Living without gluten, casein, soy, eggs and peanuts. Living with ASD and ADHD. Life is good!

Friday, August 22, 2008

GFCF Sandwich Wraps

I'm so excited! Did you hear me? I'M SO EXCITED! Seriously, seriously excited. We have been gluten and casein (and soy) free for months - but I've been cheating. I love sandwich wraps with a passion, so I've had a few here, and a few there. The problem with that is, the longer I'm GFCF, the more it hurts to cheat. I just can't do it anymore. And there is nothing, nothing gluten and casein free you can buy that replicates a good sandwich wrap. Those rice tortillas don't work, they split open and all the contents of your lunch spill out all over the plate. But these sandwich wraps are so awesome, they are flexible and they roll and they keep their contents to themselves. And what's even better than that is, they taste more than fabulous. They taste SO much better than those boring gluten-filled flour wraps ever tasted. I'm being serious. I've made both sun-dried tomato and spinach wraps and they are worlds tastier than the old, tired tomato or basil flour wraps that are sold in stores. And what's almost even better than the way these GFCF sandwich wraps taste is how easy they are to make! I think they take 10 minutes to prepare, 10 minutes to spread, then 10 minutes to bake...and in about a half an hour, you have enough sandwich wraps for 4 people, or 4 days if you don't want to share. And you might not...I would not blame you. They are that good. Anna likes them, however, so I share them.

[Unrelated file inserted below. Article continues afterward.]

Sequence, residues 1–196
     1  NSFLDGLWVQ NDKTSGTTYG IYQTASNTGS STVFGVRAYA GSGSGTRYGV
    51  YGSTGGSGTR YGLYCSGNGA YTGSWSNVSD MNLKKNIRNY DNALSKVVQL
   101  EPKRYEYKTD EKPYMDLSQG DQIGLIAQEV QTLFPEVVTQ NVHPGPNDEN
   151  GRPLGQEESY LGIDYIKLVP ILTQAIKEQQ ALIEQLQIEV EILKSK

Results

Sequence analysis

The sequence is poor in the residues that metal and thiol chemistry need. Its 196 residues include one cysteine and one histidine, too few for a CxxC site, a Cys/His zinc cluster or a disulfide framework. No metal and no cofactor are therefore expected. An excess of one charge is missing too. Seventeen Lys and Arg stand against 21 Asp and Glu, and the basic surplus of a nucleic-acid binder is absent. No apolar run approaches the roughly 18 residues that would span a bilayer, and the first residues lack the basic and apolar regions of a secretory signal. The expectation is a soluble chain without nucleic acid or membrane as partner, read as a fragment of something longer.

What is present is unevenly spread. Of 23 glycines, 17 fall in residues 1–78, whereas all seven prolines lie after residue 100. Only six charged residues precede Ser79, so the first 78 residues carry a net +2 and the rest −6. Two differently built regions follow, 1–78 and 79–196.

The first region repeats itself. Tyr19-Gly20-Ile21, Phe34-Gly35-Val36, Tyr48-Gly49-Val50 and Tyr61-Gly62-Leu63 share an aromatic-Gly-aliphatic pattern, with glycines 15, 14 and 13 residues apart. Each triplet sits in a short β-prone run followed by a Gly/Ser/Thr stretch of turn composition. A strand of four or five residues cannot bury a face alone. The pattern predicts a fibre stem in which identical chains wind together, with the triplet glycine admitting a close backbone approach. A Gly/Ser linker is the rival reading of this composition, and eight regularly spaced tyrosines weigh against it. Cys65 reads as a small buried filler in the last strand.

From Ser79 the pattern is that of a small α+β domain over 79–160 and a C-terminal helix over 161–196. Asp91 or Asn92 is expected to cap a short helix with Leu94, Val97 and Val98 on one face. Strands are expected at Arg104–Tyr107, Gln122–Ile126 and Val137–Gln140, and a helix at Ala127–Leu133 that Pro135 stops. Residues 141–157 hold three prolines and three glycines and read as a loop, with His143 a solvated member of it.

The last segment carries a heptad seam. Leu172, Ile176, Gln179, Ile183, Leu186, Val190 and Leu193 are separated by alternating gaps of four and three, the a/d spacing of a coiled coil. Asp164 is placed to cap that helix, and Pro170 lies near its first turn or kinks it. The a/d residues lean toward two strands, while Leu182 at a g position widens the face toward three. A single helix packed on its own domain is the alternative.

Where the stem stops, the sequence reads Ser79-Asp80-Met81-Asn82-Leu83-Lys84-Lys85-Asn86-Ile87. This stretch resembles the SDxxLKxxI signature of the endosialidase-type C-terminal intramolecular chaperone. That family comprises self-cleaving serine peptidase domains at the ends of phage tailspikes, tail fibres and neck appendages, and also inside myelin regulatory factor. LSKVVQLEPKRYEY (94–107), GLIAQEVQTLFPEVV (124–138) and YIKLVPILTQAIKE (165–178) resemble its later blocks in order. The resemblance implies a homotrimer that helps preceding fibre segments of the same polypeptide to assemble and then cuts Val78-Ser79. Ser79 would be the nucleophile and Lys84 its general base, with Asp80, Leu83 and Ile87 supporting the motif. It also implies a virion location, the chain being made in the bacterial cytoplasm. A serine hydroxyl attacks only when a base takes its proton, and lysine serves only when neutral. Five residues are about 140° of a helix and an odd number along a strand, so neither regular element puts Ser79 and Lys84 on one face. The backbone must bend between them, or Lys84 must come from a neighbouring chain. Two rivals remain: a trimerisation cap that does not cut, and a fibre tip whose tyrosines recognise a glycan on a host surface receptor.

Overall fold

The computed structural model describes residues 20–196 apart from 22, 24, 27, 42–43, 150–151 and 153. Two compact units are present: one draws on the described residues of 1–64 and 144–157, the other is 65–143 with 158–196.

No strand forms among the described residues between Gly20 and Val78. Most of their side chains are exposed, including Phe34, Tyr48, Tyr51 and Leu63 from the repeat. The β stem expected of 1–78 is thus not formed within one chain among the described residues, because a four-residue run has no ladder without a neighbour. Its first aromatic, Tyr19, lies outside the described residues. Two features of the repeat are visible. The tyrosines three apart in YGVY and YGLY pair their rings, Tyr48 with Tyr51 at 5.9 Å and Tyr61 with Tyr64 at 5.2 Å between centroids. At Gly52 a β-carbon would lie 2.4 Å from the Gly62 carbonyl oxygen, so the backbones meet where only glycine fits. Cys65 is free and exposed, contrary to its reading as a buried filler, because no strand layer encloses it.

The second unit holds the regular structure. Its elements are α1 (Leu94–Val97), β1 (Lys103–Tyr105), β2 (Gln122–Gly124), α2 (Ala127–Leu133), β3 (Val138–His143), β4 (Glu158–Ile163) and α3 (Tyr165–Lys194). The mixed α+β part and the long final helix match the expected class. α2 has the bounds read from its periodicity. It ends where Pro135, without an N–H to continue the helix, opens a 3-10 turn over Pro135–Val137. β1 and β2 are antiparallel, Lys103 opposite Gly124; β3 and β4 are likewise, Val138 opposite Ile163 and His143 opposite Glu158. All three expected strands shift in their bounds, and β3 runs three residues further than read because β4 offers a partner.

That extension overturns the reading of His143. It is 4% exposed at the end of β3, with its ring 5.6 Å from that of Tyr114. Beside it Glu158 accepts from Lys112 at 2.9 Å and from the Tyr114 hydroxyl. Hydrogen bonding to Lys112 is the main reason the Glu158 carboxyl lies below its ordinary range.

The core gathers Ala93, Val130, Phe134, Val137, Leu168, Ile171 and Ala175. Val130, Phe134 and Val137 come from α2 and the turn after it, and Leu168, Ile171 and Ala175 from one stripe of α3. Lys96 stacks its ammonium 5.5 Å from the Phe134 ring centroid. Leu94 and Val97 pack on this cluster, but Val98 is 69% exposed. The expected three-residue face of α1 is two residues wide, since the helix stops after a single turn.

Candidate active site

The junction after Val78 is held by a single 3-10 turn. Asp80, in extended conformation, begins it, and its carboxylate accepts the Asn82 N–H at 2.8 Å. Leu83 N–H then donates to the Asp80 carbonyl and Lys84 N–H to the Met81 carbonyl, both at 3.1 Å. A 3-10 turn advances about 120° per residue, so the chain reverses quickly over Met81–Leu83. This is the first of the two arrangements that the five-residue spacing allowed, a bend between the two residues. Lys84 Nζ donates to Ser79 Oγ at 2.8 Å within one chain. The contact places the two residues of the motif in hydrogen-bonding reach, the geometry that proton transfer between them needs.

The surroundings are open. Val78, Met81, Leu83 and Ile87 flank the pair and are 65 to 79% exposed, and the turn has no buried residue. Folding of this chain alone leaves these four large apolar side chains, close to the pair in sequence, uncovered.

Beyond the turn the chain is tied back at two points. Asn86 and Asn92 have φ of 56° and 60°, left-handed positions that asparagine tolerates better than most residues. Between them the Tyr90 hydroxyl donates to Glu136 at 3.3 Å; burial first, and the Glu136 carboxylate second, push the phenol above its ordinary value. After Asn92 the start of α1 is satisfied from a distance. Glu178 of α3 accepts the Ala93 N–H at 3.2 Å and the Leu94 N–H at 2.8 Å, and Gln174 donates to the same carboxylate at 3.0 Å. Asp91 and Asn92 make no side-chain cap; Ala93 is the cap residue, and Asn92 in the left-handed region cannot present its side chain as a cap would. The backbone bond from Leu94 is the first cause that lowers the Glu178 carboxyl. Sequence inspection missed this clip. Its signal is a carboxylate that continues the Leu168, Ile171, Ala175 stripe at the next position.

I think various versions of gluten free sandwich wraps have been floating around for some time, but I chose to follow Gluten Free Gobsmacked's recipe as my guide. Most important, I kicked out the casein. I also played with the method, but you should check out the recipe that inspired me here.

If you want a plainer wrap, see here for an Herbed Sandwich Wrap.

Ingredients for Sun-Dried Tomato Wraps
1/4 cup sorghum flour
1/4 cup quinoa flour
1/4 cup potato starch
1/4 cup tapioca starch
OR substitute 1 cup High Protein Flour Blend for the above flours
1 tbsp. sugar
2 tsp. xanthan gum
1 3/4 tsp. rapid rise yeast
1 tsp. dried oregano
1 tsp. baking powder
1/2 tsp. salt
1 tbsp. dried minced onion, rehydrated
1 tbsp. olive oil
generous 1/3 cup purchased sun-dried tomato pesto OR fresh marinated tomatoes
1/2 - 3/4 cup water

Ingredients for Spinach Wraps
Follow the recipe above, except using these substitutes:
1 tsp. dried basil instead of oregano
1 minced clove garlic instead of dried onion
generous 1/3 cup Spinach Pesto instead of sun-dried tomato pesto

Method for GFCF Sandwich Wraps
Whisk together the dry ingredients up to and including the salt. Place in a food processor. Add the rehydrated onion (or minced garlic), olive oil and pesto. Turn the processor on and add 1/2 cup of water in a small stream. The mixture should look pretty wet. Wait a minute as it will firm up slightly, then add a little more water if needed to make the batter thin-ish, but not runny. As you will be smoothing the batter onto a cookie sheet with a spatula into a thin layer, take a bit of the batter between two fingers and feel it. If it feels like it will spread nicely with a little help with your spatula, you are done. The batter should look like this:


Now, line two cookie sheets with parchment paper. Lightly spray the parchment paper with cooking spray. Divide the batter between the two cookie sheets. It should look like this: